The Loew’s Canal Theatre opened on September 8, 1927 in the Lower East Side neighborhood of New York City. The Loew’s Corporation contracted Thomas W. Lamb, one of the foremost theater architects of the 20th century, to design the 2,314 seat theater. Lamb designed the interior of the theater in the Spanish Baroque style of architecture with ornate terracotta ornamentation and grand chandeliers. The contracting firm of M. Shapiro & Son began construction of the theater in the fall of 1926. Even though it was the second largest motion picture theater in Manhattan when it opened, it mostly showed “B” movies and serials. Loew’s sold the theater to the Greater M&S Circuit a little over a year after it opened, and bought it back when they went bankrupt in 1929.
On the morning of September 10, 1932, an explosion rocked the front of the Loew’s Canal, throwing the ticket booth into the street and shattering windows on several neighboring buildings. No one was injured in the blast, but it threw Edward Brown, the theater’s night watchman, down a flight of stairs. A similar explosion destroyed the entrance of the Loew’s 46th Street Theatre an hour earlier, and they found 21 sticks of dynamite in the projection room of the Loew’s Paradise Theatre. Police suspected both bombings were connected to the Motion Picture Operators’ Union Local 306, who were on strike at the time and protesting in front of both theaters, but nothing was ever proven and no suspects were arrested.
According to an article in the New York Post, Comedian Jerry Stiller grew up going to the theater. Stiller says, “we used to go on Saturday morning at the Loew’s Canal. At nine in the morning, they’d show things like the Fitzpatrick Travel talk, cartoons and serials like Flash Gordon. By the time you got to 10:30, they’d get to the double-header, two pictures in a row. What happened was, your mother or father would drop you off at nine, and they didn’t have to pick you up until three. That’s where we got our education.”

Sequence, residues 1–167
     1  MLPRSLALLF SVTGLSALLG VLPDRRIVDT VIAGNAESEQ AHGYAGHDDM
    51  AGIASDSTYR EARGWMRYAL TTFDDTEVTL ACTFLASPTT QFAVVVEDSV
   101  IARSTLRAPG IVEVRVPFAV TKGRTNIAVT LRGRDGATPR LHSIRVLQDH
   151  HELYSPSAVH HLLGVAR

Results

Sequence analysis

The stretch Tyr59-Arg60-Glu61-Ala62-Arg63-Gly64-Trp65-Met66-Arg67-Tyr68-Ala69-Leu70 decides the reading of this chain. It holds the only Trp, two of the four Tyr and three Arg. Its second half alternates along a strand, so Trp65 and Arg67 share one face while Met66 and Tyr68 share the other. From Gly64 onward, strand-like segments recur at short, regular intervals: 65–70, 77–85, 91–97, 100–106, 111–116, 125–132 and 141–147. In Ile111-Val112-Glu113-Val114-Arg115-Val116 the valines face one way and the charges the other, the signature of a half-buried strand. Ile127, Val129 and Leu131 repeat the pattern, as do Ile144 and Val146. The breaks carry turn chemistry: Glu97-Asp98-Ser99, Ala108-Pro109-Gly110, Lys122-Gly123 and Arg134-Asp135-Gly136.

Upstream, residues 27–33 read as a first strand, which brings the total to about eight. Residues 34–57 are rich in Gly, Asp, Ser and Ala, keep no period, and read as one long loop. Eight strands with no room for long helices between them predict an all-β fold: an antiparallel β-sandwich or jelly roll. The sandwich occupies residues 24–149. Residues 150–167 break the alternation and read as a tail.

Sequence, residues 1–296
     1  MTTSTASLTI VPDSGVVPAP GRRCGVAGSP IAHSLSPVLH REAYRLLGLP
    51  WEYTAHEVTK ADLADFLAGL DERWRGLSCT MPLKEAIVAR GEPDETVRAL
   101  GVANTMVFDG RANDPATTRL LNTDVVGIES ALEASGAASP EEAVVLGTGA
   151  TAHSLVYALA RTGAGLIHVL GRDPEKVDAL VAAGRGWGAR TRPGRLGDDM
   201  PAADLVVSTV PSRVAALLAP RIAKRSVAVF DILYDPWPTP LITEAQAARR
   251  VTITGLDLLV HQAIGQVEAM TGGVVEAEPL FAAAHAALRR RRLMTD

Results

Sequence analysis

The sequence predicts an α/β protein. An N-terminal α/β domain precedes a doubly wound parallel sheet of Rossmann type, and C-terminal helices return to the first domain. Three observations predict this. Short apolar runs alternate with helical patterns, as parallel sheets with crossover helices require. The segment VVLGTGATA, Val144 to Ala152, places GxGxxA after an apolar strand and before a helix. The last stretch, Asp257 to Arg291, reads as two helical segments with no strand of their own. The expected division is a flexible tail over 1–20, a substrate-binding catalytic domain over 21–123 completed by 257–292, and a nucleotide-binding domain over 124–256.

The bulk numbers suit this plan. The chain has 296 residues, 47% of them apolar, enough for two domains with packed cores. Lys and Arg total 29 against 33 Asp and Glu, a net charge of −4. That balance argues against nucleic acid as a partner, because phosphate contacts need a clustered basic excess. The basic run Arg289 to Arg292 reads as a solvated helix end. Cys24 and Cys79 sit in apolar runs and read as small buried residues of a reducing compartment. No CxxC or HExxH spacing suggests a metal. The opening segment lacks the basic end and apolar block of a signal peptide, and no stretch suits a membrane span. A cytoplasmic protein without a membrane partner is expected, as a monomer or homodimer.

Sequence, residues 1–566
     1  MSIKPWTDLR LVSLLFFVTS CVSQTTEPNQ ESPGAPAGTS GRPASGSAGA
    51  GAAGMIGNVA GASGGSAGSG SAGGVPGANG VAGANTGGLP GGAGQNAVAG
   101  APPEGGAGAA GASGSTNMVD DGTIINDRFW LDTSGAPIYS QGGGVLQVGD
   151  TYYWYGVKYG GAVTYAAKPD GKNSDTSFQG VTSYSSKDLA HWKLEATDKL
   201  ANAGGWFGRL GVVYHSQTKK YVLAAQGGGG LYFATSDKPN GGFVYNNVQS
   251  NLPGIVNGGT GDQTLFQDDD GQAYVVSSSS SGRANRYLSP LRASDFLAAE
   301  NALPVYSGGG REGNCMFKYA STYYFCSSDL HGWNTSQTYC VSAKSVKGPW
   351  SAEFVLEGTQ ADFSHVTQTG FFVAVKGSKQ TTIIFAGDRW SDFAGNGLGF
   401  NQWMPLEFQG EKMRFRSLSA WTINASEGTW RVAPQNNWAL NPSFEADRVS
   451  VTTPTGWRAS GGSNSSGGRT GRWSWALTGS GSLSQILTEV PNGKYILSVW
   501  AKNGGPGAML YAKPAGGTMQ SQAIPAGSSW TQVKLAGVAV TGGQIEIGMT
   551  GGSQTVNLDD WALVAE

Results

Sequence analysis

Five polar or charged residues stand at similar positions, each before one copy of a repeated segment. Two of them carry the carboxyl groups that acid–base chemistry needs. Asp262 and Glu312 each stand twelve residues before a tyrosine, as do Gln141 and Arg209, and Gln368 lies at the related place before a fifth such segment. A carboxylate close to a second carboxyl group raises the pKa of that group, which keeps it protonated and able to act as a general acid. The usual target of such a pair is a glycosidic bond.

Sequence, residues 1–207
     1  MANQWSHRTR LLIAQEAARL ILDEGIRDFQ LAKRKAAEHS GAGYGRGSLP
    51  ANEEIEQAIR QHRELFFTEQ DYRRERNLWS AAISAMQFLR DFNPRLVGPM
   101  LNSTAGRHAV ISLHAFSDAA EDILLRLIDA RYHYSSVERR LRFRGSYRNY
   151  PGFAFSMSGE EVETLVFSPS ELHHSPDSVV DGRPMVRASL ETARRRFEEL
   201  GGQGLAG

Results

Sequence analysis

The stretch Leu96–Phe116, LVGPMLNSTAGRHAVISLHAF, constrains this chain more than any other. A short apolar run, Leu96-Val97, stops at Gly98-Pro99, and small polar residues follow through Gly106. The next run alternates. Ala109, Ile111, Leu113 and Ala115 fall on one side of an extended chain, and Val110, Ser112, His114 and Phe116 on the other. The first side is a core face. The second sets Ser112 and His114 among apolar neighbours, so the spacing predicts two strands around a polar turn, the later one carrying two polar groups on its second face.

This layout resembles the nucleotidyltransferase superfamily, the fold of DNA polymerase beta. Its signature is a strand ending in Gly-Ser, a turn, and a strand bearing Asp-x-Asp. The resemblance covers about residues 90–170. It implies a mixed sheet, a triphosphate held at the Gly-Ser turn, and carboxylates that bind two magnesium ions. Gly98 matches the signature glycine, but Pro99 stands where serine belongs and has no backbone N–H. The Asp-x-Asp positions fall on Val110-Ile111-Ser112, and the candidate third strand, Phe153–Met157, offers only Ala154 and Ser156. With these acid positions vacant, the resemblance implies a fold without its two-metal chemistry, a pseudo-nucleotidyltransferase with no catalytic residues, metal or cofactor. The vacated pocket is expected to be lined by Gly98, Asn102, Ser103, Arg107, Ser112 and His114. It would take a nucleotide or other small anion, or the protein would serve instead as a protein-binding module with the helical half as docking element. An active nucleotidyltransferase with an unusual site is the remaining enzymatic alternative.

Eddie Cantor, who also grew up in the Lower East Side, had the world premiere of his film, “Forty Little Mothers” at the Loew’s Canal in April 1940. The Canal was occasionally mentioned in the local press for minor incidents such as projector fires or neighborhood premieres, but it was rarely, if ever, featured in the New York Times listings of show times. It closed in the late 1950s, and by the early 1960s the lobby was converted to retail space, while the auditorium was used as a warehouse. The last occupant of the lobby space was an appliance store and repair shop that closed in the late 2000s.
The Landmarks Preservation Committee designated the terracotta facade of the theater a New York City Landmark in 2010. Later that year, the Committee to Revitalize and Enrich the Arts and Tomorrow’s Economy (CREATE) teamed up with the building’s owners to conduct a feasibility study to convert the space into a performing arts center. They received a $150,000 grant from the Lower Manhattan Development Corp., but ultimately, the project never came to fruition. The building’s owners planned on converting the space into an 11-story condo complex, but the NYC Department of Buildings rejected the plan.Currently, the building sits empty, waiting for someone to restore it to its former glory.
Matt Lambros NY New York Jan 31, 2022 Architecture